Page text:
Poor performance is contributable to poor design and setup with the number one problem being large images. Besides image optimization, consider asynchronously loading render blocking content, using compression, caching, browser hints, keeping third-party content in check, and using CDNs to reduce latency to improve your website's performance.

Is planned maintenance considered an outage?

Typically, periods of planned maintenance are not considered downtime. Usually, during the maintenance period, developers redirect the user to a page that apologizes and explains that the site is under maintenance and to please try again a little later rather than returning an error code.

With many cloud-based services, the content is distributed over multiple servers, and pulling one server for maintenance just redirects requests to other available servers thus, avoiding downtime. Redundancy is your biggest defense against outages, but it comes with a high price tag that is well worth it for the big players like Amazon who generate hundreds of thousands of dollars per minute, for the rest of us and comprehensive monitoring strategy is your best option for maintaining high availability.

Tracking website Availability

To track availability, a brand needs to check to make sure that users can connect error free to their website using regular, frequent test intervals. Some brands check manually periodically through the day, but short outages may go unnoticed by periodic testing. Automated testing can test for uptime as often as every minute, so even those short outages that affect their users are captured in uptime reports.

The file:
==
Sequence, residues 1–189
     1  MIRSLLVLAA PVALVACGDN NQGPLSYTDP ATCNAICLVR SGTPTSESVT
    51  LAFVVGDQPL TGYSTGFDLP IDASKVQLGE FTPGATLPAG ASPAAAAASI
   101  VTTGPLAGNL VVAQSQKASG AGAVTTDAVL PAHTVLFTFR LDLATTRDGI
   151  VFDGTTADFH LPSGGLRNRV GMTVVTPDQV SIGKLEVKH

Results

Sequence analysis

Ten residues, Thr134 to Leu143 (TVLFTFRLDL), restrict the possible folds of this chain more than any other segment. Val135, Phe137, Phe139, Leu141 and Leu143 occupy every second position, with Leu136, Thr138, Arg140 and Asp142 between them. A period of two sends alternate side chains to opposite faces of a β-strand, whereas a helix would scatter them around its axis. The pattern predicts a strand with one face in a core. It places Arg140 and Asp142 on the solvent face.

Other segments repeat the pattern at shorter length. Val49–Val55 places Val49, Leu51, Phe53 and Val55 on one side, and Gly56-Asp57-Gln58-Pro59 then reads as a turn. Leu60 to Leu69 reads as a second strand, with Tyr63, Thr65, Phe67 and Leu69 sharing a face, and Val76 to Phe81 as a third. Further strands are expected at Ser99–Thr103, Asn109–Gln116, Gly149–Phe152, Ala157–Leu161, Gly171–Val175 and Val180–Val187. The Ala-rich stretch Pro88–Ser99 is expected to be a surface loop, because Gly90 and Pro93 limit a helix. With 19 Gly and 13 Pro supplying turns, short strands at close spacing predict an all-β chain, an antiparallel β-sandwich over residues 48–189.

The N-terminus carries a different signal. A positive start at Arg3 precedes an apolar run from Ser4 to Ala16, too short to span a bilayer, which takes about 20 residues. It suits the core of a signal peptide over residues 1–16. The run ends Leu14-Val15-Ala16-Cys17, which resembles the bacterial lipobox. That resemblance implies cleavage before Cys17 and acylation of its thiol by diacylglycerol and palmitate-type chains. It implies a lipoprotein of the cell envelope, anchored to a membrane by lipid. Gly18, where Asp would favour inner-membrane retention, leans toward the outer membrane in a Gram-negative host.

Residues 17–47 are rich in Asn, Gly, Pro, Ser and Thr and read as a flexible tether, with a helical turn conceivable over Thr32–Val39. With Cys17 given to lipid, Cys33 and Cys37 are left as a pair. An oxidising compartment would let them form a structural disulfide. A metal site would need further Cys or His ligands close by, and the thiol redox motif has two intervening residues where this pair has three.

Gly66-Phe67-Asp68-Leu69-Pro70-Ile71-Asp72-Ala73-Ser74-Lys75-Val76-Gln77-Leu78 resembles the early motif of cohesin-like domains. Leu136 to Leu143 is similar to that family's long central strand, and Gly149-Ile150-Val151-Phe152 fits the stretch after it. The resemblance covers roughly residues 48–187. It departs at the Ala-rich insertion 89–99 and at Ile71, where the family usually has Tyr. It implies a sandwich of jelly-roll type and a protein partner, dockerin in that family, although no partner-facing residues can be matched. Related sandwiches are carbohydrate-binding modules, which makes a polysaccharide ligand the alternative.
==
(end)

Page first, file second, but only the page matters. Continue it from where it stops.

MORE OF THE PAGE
How does website availability monitoring work?

Availability monitoring is a proactive option that verifies the response from your site using servers external to your site. Using external servers, preferably servers located near your actual users, you capture uptime and latency issues based on your users’ locations. Here’s how it works.

  1. A remote test server sends a request to your page for content.
  2. The test server receives a response code of “200 ok,” and the site is determined to be up or available.
  3. Another test server in a different location sends a request 60 seconds after the previous test completed.
  4. The test server receives an error code.
  5. Another test server immediately sends a request.
  6. The second test server receives an error.
  7. The site is considered down at the time of the first error.
  8. Testing resumes at one-minute intervals.
  9. A later test gets a successful response.
  10.   The site is considered up, and the monitoring service records the time between the first error and the successful test as downtime.

Alerts go out after the second confirmed error to let you know your site has an availability issue, and an all-clear alert goes out when you’ve resolved the problem. Besides a positive response (200 ok) the availability checks can also verify:

  • Response time
  • Response size
  • Specific HTML result code
  • Specified content

Discover localized availability problems

Did you know that outages may affect some users and not others? Due to local restrictions, poor local Internet architecture, network issues such as DNS problems, browser type, and device type some users may not have access to your site. Using a monitoring service with a large checkpoint network, you can select test locations more representative of your user base allowing your monitoring to capture localized downtime and latency issues.

Conclusion

Availability is more than just uptime, but without uptime, the other problems affecting availability don’t matter much. Availability Monitoring is fundamental to a sound digital experience monitoring strategy.